However, the benefits of the initiative aren’t just individual — they also extend to the entire city and its environment. “Climate change and air quality are big problems — far too big for just one person or even one organization to make much of a difference. Resiliency depends on cooperative efforts.” Initiatives such as Colpatria’s A la Torre en Bici influence beyond the Bank, helping catalyze efforts to collectively combat climate change and reduce our impact on the environment. With all of the bike commuters on the streets of Bogotá, that’s what this initiative is starting to accomplish.”
With a population of over 21 million people (and growing), more people than ever rely on cars to move around Mexico City. Due to limited public transportation and jobs spread throughout the city, Mexico’s capital is now the most congested city in the world according to Tom Tom’s 2016 Traffic Index. This congestion is causing great havoc in the city.
The Mexican Government has worked for decades to mitigate Mexico City’s air pollution problems with legislation. But pollution in Mexico City is a complicated problem. Mexico City lies in a high-altitude area with concentrated air pollution as a result of the number of cars in the city. Additionally, scientists have shown how warming trends harm air quality — especially in Mexico City, where average temperatures are rising. Legislation alone hasn’t been able to solve the problem. In March of 2016, the Mexico City Government declared an emergency due to unsafe ozone levels in the air.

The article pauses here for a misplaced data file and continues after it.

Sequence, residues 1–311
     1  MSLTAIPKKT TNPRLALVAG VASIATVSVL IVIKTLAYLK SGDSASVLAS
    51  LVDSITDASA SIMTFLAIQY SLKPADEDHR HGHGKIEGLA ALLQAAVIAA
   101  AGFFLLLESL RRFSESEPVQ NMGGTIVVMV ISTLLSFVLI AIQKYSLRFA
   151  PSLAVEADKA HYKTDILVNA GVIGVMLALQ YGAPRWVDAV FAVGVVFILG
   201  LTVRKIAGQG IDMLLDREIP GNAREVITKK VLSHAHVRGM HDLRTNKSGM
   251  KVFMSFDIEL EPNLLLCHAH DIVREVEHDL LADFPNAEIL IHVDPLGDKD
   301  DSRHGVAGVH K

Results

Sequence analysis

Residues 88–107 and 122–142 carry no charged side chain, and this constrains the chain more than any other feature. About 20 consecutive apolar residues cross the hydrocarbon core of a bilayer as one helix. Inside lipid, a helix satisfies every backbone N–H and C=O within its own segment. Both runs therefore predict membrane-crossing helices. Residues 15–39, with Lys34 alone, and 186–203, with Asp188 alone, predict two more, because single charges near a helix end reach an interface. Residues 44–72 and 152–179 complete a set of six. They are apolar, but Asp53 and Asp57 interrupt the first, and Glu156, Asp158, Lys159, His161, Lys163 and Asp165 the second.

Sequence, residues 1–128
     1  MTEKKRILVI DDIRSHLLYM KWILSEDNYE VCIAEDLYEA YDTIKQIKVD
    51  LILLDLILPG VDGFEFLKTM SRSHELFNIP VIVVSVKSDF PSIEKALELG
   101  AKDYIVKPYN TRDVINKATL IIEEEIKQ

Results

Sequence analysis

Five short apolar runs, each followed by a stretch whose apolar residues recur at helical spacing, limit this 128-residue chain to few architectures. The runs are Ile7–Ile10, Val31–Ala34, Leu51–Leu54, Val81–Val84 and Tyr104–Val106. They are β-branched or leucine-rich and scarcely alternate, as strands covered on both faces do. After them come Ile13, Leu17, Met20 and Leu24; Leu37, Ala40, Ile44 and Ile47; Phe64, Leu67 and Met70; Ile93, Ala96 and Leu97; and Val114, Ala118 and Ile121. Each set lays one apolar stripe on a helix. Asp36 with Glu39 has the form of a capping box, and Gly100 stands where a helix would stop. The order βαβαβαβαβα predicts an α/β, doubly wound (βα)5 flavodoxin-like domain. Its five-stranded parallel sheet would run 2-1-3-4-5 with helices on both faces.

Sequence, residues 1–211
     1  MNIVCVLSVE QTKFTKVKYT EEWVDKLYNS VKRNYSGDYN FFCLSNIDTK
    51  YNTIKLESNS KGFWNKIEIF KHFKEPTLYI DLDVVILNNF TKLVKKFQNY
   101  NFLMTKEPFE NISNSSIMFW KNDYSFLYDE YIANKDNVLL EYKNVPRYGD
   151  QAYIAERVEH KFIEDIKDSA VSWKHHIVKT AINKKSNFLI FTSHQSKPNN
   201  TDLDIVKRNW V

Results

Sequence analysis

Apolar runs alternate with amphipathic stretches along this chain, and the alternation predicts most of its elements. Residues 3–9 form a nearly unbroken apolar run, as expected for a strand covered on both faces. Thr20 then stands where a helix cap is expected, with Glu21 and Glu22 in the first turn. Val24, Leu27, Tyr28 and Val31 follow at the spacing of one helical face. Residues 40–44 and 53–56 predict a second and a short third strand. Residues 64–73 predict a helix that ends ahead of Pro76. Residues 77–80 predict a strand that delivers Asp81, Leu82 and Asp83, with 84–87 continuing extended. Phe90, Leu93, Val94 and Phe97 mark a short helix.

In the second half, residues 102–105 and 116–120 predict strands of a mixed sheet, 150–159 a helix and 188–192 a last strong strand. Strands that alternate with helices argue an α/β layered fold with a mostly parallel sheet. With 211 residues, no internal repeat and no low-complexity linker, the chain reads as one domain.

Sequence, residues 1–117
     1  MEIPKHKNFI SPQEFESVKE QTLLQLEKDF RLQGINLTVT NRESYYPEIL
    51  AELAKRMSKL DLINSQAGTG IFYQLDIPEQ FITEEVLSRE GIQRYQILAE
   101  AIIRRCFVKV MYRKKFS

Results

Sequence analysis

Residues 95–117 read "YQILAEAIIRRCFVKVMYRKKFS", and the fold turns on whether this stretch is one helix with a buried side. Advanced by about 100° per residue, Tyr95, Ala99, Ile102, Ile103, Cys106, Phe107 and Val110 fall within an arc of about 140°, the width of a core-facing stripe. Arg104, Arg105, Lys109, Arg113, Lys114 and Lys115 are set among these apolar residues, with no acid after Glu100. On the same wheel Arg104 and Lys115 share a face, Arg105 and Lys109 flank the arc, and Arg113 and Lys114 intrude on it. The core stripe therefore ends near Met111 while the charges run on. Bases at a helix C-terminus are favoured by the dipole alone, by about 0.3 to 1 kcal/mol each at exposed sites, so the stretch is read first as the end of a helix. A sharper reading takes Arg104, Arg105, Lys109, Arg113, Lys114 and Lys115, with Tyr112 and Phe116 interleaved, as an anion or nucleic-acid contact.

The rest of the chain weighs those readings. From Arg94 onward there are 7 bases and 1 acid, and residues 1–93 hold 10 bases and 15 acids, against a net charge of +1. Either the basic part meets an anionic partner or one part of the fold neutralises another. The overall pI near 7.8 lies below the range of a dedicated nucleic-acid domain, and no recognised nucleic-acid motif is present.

Looking for the silver lining
Aureliano Arturo García Valenzuela, Automotive Credit Director in Scotiabank México, sees an opportunity within this situation: “We have a big problem with pollution, and displacement in Mexico City. So we said, ‘Well, our city has a problem. What can we do to help?’”
That question has inspired the CrediAuto’s Green Credit for eco-friendly vehicles.